Thirty-seven years ago my mom gave birth to a healthy baby boy. Three years ago, I gave birth to my own son. Every cell in my body wants to have a sit down with her, to trade birth and/or parenting stories. But, as my brother stole her life eleven years ago, I haven’t been able to. I never will.
No one is ever ready to say goodbye to a parent, and I was no exception. When my mother suddenly passed away at the age of fifty-five, it was devastating. The only way I knew how to cope was to write, and when it came time to write her eulogy, I welcomed the chance to honor her.
There are things our parents choose to do that stay with us forever. These actions, good or bad, teach us the lessons we carry into adulthood and especially parenthood.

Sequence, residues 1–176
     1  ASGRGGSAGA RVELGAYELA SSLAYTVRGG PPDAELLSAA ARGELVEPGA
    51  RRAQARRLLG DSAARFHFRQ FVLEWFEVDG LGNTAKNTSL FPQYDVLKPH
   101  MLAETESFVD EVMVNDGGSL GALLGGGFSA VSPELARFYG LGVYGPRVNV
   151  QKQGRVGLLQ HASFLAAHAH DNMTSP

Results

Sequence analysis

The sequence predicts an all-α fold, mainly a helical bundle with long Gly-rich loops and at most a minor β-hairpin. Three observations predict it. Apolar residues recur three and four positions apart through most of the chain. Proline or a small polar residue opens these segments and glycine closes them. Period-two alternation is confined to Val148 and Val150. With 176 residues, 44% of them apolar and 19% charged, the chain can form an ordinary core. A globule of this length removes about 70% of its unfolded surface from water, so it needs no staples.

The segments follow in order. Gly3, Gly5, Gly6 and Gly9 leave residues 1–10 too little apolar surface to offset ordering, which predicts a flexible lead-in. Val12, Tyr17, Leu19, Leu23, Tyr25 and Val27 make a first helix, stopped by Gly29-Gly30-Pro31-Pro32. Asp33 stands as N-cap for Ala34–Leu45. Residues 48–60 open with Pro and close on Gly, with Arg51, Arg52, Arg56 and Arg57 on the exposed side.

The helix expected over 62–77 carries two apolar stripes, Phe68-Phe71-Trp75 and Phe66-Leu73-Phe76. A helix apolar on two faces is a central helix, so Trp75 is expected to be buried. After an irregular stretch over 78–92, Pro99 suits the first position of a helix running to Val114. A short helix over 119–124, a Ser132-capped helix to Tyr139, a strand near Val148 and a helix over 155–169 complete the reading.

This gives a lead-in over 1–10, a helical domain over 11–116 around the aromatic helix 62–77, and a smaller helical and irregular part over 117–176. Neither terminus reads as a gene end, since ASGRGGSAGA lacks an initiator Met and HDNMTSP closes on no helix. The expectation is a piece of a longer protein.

Like the time my older brother found a wallet filled to the brim with cash. I was four and he was seven, but as children of a single mother in the eighties, we already knew the value of a dollar; Mom was never one to shelter us from our reality. I remember my brother handing her the leather square in the narrow aisles of a pharmacy. I remember Mom looking around, then stuffing it deep underneath her arm in one swift movement…”